Factom, the creators of a ‘Scalable Data Layer for the Blockchain’, has an announced that it will be working with the government of Honduras to build a new land registry system using decentralized blockchain technology.
Honduras is one of the poorest countries in South America and has struggled for years with land registry fraud. Peter Kirby, the President of Factom, Reuters:
“The country’s database was basically hacked. So bureaucrats could get in there and they could get themselves beachfront properties.”
Batination has the potential to bring a new level of transparency and security to a system which has lost the confidence of the public, and in doing so encourage the owners of the ~60% of country’s land which is still unregistered to participate in the system.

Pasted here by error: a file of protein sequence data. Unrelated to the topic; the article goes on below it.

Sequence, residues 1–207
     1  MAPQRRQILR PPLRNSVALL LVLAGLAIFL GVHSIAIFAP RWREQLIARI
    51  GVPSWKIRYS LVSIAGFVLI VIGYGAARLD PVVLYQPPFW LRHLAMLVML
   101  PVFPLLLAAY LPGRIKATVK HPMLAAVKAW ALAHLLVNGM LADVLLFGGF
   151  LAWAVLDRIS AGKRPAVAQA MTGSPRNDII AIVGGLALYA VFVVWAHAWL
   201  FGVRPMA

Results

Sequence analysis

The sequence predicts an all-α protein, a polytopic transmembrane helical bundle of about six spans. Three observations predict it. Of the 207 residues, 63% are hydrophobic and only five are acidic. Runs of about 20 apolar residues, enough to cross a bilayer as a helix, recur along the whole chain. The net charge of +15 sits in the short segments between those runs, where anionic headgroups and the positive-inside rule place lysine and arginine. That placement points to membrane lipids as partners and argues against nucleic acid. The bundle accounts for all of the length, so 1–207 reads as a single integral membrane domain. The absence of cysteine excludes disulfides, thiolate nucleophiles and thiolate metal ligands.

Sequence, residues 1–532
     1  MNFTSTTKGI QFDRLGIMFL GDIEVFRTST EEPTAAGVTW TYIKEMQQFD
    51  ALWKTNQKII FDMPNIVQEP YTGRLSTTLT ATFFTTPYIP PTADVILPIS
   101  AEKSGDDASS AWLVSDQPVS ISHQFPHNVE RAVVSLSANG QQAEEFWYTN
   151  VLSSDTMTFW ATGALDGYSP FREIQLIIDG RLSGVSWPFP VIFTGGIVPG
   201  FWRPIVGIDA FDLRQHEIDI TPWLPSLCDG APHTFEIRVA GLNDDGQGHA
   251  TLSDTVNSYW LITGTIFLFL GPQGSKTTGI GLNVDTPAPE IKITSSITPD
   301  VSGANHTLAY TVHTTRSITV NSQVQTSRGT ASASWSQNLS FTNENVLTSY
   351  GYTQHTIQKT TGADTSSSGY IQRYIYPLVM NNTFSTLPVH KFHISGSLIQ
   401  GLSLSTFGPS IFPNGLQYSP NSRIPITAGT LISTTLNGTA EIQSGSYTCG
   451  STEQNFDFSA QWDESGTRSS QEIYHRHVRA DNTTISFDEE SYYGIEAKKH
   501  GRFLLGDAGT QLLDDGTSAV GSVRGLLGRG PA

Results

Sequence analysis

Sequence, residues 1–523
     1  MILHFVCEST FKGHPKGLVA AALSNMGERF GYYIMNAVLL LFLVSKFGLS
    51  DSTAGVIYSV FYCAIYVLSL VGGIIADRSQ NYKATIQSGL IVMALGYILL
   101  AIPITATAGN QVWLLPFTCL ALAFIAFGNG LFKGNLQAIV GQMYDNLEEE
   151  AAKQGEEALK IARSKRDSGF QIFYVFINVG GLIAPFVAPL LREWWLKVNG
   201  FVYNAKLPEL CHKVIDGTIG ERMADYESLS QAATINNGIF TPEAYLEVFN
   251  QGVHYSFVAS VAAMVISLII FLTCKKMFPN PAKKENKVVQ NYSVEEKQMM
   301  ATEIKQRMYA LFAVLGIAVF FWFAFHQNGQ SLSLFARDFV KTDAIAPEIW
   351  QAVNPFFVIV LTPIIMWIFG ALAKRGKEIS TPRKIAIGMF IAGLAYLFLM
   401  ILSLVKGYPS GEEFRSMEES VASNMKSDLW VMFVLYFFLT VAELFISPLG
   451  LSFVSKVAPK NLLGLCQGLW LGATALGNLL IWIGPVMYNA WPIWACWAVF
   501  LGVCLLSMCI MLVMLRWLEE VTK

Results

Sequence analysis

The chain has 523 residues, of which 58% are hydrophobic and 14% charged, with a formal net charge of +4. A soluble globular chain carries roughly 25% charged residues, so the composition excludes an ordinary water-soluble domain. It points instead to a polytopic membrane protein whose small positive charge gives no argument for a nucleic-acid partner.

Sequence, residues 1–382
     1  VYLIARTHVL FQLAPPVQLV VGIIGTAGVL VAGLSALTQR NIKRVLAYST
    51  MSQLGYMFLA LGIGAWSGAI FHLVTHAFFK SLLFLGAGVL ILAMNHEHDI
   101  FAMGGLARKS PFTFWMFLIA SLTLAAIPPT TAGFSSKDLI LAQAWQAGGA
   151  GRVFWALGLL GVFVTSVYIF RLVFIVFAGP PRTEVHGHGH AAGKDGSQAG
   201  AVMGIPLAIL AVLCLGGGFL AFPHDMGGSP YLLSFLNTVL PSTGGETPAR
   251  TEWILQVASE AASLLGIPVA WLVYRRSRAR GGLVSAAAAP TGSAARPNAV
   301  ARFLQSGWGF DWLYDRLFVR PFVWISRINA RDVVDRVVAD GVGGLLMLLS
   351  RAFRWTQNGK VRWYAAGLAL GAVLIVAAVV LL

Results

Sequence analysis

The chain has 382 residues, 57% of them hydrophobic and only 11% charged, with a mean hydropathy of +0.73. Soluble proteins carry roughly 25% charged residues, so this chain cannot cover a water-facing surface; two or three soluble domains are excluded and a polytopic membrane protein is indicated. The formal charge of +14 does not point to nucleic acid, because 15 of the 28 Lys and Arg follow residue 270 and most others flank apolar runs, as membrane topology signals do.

The United States-based company Factom is partnering with Epigraph, another software company with experience building land title systems, to deliver a decentralized solution to the Honduras government’s problems.
The announcement comes just after the end of a crowd sale in which Factom raised 2,278 BTC through the sale of its ‘Factoid’ tokens. It is also the latest in a line of partnerships Factom have forged to put their technology to use. The firm is also working with Bitsapphire on an anti-corruption tool for government databases in Kosovo, building a ‘Know Your Customer’ regulatory compliance system for the Bitshares wallet being built by Moonstone, providing a system for managing intellectual property rights that will be used by decentralized music distribution and promotion service Peertracks, and working with Health Nautica on a medical record-keeping system.